Genetic or environmental factors. The latter include infections, drugs, poisons, bee stings and vaccines. Various neoplasms, systemic lupus erythematosus and canine hypothyroidism.

The dog had not been vaccinated for the past few years and so vaccination would not be the cause. The dog was recently taken outdoors after living in the apartment for most of her life. Infections could be the cause.

Some indications of infections include ulcers at the back of the tongue on the left side. (I took a picture 24 hours after IV treatment when I examined the tongue and tonsills). At the first consultation, the dog wanted to bite me when I palpated the enlarged left submandibular and popliteal lymph nodes.

Tumours. Since the dog had been losing weight of 25% for the past 4 weeks (from 5kg to 4kg), it could be suffering from internal tumours, e.g. in the spleen, pancreas or liver as "diagnosed by ultrasound" by Vet 1 earlier.

Gender. Females of all breeds, even when spayed, have a higher risk for AHA than males.

Genetic predispostion. Some dogs have changes in their immune system, a deficiency of pyruvate kinaese enzymes or abnormal red blood cell structure.

Breeds at higher risk. American Cocker Spaniels, Beagles, Old English Sheepdog, Westies, Shih Tzus, Alaskan Malamute, Lhasa Apso, Poodles, Basenjis, Daschunds. The case being reviewed is a Miniature Schnauzer, female, spayed.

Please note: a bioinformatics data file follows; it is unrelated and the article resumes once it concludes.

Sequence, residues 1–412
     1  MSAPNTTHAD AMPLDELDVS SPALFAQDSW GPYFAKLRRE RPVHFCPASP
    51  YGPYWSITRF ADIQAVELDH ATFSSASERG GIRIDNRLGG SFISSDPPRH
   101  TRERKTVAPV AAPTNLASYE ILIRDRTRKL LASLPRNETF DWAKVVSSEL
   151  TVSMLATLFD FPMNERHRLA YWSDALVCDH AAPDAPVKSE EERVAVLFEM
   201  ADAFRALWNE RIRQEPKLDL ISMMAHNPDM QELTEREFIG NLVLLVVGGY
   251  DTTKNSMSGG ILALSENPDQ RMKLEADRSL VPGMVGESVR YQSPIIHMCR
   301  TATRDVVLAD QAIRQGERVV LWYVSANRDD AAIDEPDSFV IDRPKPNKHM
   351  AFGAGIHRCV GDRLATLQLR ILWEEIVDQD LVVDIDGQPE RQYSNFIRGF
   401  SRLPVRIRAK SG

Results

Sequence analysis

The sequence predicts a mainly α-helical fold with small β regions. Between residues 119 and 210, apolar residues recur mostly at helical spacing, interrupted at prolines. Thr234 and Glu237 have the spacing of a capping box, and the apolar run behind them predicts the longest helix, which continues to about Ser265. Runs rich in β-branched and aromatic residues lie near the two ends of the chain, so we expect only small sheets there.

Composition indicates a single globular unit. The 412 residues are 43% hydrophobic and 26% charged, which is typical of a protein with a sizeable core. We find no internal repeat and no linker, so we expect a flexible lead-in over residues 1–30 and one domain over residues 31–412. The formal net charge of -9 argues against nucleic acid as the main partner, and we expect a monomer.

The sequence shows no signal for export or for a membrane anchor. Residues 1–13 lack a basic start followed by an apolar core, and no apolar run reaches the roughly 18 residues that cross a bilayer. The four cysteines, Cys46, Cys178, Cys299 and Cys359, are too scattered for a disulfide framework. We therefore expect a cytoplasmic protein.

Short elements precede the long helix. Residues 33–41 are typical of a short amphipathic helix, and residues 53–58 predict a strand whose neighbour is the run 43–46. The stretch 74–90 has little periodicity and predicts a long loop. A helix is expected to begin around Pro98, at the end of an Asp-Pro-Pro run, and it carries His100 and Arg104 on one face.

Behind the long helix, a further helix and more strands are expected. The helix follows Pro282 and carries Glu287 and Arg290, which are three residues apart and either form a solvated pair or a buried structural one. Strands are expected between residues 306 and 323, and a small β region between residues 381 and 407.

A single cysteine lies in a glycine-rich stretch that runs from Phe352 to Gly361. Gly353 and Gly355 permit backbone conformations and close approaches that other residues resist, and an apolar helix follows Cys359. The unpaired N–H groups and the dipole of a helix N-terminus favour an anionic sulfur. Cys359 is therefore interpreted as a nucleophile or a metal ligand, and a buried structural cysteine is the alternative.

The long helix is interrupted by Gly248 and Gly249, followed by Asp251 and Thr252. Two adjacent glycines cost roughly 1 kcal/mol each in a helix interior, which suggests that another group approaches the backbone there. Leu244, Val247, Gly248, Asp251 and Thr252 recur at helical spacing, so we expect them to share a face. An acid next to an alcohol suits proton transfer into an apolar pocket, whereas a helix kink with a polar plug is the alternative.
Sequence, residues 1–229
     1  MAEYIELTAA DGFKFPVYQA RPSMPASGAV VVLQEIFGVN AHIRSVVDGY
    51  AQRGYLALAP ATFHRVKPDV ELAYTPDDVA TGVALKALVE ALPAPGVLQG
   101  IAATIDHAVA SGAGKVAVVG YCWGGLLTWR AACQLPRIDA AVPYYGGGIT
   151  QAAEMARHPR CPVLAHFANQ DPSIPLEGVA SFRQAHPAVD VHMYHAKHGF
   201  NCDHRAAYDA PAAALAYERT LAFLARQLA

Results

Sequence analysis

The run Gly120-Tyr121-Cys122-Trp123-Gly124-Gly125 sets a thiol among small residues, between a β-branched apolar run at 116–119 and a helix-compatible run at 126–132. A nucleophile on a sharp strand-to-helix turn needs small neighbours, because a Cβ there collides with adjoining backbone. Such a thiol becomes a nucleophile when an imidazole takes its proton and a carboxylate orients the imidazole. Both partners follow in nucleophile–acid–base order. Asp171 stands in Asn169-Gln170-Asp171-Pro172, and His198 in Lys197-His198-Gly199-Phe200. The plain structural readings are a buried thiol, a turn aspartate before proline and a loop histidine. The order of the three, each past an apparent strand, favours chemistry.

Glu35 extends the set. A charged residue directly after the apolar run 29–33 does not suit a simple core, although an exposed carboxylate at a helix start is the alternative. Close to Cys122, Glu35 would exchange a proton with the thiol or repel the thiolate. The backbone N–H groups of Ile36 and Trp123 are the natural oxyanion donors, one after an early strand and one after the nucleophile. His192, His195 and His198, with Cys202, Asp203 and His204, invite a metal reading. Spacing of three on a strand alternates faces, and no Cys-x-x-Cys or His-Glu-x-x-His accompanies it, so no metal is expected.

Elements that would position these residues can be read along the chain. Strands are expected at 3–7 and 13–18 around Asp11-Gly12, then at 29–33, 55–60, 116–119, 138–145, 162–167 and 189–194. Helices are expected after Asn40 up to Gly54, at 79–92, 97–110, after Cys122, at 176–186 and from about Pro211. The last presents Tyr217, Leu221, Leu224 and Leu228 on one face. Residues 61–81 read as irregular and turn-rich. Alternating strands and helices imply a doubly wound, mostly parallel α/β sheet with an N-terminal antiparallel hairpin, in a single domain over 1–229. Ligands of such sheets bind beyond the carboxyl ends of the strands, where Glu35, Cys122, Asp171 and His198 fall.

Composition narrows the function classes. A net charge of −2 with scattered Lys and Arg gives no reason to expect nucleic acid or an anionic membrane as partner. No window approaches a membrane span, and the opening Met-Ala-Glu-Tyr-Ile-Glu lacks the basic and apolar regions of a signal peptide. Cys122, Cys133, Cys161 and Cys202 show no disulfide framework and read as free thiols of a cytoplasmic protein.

TWO BLOOD TESTS WITHIN 24 HOURS.
Low red cell counts, low haemoglobin and lower platelet count.
In theory, the haemoglobin should be high if there is AHA. This is because the destroyed red cells will lead to an increase in haemoglobin and not to a decrease.

However total white cells were in the normal range. I noted that the % of neutrophils was over 90% (normal dog is usually around 75%). The dog responded to baytril IV, metronidazole IV, Vit K1 IV and dexamethasone 0.2 ml IV, iron SC and Vit B complex SC on day 1 as the gums became pink 24 hours later.


TREATMENT
1. Most dogs with AHA respond to steroid therapy which may be required for years. Prednisolone suppresses the immune system to prevent red blood cell destruction. Bacterial, viral and fungal infections must be treated if present.
Oral prednisolone in high doses e.g. 2-4mg/kg q 24hr divided into 2X/day, starting at 2 mg and increasing dosage if response is poor. Give for 2- weeks, then gradually taper off dosage. Decrease to mg/kg/24 hours for 2-4 weeks, then 1 mg/kg/48 hours for 2-4 weeks, then taper off.

*If anaemia (one author in a dog's forum uses PCV as below 12% as unstable, PCV 35-55% as stable). If unstable, go back to previous dosage that works.

2. A gastroprotecant e.g. sucralfate (0.5-1g) given when the dog is on high doses of steroids.

3. IMMUNOSUPPRESSANT medications like cyclophosphamide together with lower dosage of steroids for severe AIHA, for several months and reassess 2-4 weekly. Most dogs respond to prednisolone and immunosuppressant. If there is a relapse, a longer course of medication may be required.

Cyclophosphamide (50mg/Ma p/o q 24 hr) or 2 mg/kg q 24hr for the first 4 days of each week for 6-8 weeks. Re-assess.

Azathioprine (50mg/Ma q 24hr) (2mg/kg p o q 24 hr) for 1-2 weeks, then every other day


Cyclosporin (15mg/kg po q 24hr) has been used to treat refractory AIHA.

Danazol (synthetic androgen, 5 mg/kg po q 12 hr). Expensive. Reserved for dogs that have are refractory to pred + cyclophosphamide or azathioprine or intolerant drug side effects. Contraindicated in dogs with heart, liver or kidney problems.


3. For severe cases, blood transfusions, splenectomy (last resort in life-threatening refractory anaemia if medical treatment is not controlling the disease after 4-6 weeks of therapy).) and intravenous immunoglubulin therapy. Blood transfusion may be needed in the very severe anaemic dog to buy time for the drugs to act.